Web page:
The finals! D Division, but still, finals. And the only finals still going, other than those of the A Division, on stage and just next to us and drawing a big crowd. We drew a modest crowd. The tournament official went around, asking each of us if we had a home pinball league. I answered Lansing Pinball League, naturally. Anything to get the local people in. Most of the Michigan Pinball competitors listed themselves for other, bigger leagues. But I know where my home is.
He also asked us if it was okay to stream the play. He pointed to two people who had cell phones and said that if we didn't want to be sent out over the Internet that was fine, they wouldn't do it. I have doubts that this polling method produces anything but the socially desirable response. But we all agreed that streaming was fine, not to worry. I do not know where this was streamed, or whether the video has been stored anywhere. I can only hope that the people recording were legitimately supposed to be there. Maybe it was all a hoax or prank.
My pick for the bank again. I'd be a fool to pick anything but the Cirqus Voltaire bank again, and I say so. So after a few moments wait while one of the competitors comes back from the bathroom, we're off and running to ... a dead stop as there's something wrong with Cirqus Voltaire. I miss what it was. Techs come rushing over. With the B and C Divisions finished already they aren't so over-worked now. They have to open the game up to do something to the something. The guys with cell phones stop recording every moment of this. I go to the bathroom, out of nervousness and a sense that I have to do something. If the table gets scratched I suppose we'll just play the modern-era game from one of the other two banks. Avatar would be a complete mystery to me, maybe not to my competitors. Godzilla I at least have a strategy for, but who knows how the table would compare to the two that I have ever touched? Plus I'd lose the edge of knowing how easily the machine tilts.
Needn't worry. Whatever the problem was clears up and we get to play. I fall back on the same old dumb strategy as before, and don't have any freak events of getting the ball stuck. I come in first place, not by as overwhelming a score as before, but still. BEN barely squeaks out ahead of MAL, and this guy from Sweden, LEF, comes in last. I forget whether he got surprised by a tilt.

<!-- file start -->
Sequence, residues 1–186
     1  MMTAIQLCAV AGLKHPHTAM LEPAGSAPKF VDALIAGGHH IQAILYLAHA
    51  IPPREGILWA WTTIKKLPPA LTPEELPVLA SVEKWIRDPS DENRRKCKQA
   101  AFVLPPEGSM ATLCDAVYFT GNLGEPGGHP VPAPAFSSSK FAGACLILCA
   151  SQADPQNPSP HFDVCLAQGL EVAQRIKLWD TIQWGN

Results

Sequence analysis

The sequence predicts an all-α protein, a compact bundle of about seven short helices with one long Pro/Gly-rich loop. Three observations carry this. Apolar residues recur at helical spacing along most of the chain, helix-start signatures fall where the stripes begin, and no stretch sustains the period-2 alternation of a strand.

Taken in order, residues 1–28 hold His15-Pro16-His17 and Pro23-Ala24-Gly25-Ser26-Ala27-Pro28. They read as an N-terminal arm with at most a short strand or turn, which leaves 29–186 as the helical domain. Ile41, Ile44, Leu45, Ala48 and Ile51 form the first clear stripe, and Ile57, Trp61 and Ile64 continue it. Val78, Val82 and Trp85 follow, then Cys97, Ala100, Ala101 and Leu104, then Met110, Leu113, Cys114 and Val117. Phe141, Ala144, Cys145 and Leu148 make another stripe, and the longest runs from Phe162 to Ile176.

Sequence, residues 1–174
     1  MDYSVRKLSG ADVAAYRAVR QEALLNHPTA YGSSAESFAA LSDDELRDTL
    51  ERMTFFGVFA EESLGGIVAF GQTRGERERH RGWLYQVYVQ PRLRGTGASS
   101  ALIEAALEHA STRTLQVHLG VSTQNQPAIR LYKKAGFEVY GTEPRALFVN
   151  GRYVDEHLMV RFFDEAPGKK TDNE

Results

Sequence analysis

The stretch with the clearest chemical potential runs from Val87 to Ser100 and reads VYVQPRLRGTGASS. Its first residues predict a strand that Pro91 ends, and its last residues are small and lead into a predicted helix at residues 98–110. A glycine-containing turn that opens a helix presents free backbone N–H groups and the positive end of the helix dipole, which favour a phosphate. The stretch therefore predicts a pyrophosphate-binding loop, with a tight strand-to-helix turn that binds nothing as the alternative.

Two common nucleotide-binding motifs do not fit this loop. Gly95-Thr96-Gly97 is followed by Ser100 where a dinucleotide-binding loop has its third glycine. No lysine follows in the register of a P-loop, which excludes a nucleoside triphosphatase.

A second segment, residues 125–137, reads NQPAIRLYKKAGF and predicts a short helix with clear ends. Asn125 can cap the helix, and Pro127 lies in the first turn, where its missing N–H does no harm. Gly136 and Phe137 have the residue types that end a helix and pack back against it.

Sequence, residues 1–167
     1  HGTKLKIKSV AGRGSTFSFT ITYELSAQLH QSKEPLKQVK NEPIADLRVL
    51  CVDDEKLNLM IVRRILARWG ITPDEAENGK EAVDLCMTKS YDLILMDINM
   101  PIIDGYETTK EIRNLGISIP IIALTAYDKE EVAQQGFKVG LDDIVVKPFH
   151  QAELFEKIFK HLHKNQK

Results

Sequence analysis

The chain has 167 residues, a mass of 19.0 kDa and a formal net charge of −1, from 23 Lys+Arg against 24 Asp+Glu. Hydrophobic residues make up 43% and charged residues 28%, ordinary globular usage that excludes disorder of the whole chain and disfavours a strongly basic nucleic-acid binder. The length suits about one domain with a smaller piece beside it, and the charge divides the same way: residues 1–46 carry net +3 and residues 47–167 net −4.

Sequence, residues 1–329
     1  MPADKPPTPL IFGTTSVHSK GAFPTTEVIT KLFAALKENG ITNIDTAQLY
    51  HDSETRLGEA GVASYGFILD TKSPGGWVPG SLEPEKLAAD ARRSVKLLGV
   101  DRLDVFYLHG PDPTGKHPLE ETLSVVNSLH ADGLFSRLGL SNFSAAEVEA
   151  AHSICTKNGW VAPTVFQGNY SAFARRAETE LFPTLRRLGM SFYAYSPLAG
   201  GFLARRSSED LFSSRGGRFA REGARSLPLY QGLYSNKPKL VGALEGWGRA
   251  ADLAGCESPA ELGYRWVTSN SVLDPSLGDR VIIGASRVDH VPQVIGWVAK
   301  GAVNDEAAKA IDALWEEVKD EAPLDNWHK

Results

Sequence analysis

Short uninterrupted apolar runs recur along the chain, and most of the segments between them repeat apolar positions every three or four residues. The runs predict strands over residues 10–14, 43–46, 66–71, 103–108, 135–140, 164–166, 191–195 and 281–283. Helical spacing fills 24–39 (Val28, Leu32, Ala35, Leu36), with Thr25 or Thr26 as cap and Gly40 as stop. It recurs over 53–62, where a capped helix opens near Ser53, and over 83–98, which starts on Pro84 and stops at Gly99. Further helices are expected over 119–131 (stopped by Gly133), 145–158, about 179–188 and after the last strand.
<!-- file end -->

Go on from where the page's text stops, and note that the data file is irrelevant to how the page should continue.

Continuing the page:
Now I'm starting to believe I might win the division. This sort of group play works well for getting me into finals, because you never really need to win, just, play well enough not to be eliminated. But these are the last four --- last three, now --- games. It's possible to win coming in second place on every game, if other people rotate who gets first place. Starting with a first-place finish takes pressure off the rest of the round.
Mars Trek once again. I put up another mediocre game, slightly better than on my previous round. But still never getting a real good ball together. I come in last place. LEF comes in first, with 557,000, a score still below bunny_hugger's in the round that knocked her out. MAL takes second place, handily beating BEN. The tournament official looks at the state of things after two games. And looks again, and re-counts. With two games to go we are all four of us perfectly tied at three wins each.
On to Genesis. My secret is still safe and oh phoo I accidentally finished one of the body parts before hitting drop targets. I learn that my hypothesis, that I got progress on all the body parts because I hadn't started any, was mistaken; the game is just set, relatively easily, to make progress on all the parts. I feel like a bandit that I'm getting away with this. Unfortunately, what I fail to do is the ramp shot that starts multiball. It's still worth doing. BEN comes in last at 208,240 points, and MAL in third at 213,102. I get 723,800 points, not a patch on my last round but normally plenty for this table. Except that LEF got 799,260. He has six points, me five, MAL four, and BEN three. As the official notes, anyone could still win this. Heck, we could end up with a four-way tie.
Stars. The last game, maybe. If I can win the game outright I can secure at least a tie for the championship. I have to beat LEF to have my chance at it. I keep trying to make myself calm down and remember: play the simple, stupid, easy strategy. Trap the ball, shoot at the drop targets, trap again. But it's so hard not to keep the ball moving. That's so much fun. So much ... I relax a lot at the last ball, as I pass LEF's 53,270. I'm player two; I finish at 64,180. MAL does nothing at all, coming in at 32,660. And BEN ...
BEN can't win. What he can do is decide whether he gets third or fourth place. If he finishes between 53,270 and 64,180, then I take first place and LEF second. He finishes at 77,600. He takes third place, with six wins for the round.
LEF and I, each with seven wins for the round, must play a tiebreaker.
Trivia: In 1914 Poles were the largest single population (around four million) of Central-European immigrants in the United States. Source: Paris 1919: Six Months That Changed The World, Margaret MacMillan.
Currently Reading: A Gambling Man: Charles II's Restoration Game, Jenny Uglow.
PS: The Summer 2017 Mathematics A To Z: Klien Bottle, with a bonus of the Möbius Strip and some science fiction writers.